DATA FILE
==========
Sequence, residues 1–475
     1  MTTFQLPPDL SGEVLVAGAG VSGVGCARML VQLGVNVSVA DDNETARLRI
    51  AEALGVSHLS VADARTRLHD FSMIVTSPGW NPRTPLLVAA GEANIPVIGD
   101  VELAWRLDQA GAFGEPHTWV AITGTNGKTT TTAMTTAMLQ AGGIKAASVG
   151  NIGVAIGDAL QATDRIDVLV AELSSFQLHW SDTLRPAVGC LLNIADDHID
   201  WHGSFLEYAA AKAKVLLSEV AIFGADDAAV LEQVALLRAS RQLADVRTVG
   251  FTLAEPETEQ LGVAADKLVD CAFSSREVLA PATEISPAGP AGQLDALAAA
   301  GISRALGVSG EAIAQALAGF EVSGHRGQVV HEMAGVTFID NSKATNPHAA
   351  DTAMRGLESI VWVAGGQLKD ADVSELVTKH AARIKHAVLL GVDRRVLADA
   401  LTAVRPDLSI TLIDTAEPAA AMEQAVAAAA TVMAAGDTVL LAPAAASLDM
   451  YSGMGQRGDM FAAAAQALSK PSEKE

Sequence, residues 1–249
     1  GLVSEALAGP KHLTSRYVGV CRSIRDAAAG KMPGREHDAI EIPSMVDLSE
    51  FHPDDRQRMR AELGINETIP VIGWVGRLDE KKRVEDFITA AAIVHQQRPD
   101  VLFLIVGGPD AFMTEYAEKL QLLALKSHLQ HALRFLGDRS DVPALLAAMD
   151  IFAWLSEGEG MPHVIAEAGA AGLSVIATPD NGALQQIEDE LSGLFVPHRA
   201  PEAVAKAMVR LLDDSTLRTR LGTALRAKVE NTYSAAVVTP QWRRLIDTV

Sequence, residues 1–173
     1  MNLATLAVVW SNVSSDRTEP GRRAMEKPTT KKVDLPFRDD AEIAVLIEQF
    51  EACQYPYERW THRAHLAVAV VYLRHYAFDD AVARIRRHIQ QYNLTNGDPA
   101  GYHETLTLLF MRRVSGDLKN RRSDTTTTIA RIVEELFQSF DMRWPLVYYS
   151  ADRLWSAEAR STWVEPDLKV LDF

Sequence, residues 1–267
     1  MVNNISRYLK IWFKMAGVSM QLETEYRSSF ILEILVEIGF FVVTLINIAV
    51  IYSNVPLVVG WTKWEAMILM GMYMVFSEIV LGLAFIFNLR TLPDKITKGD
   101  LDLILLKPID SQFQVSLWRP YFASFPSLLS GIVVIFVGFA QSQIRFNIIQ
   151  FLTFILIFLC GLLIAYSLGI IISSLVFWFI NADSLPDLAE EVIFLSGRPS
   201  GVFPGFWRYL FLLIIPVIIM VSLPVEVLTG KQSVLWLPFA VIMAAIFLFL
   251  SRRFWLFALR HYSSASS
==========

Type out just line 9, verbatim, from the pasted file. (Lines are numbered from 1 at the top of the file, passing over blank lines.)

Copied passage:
   351  DTAMRGLESI VWVAGGQLKD ADVSELVTKH AARIKHAVLL GVDRRVLADA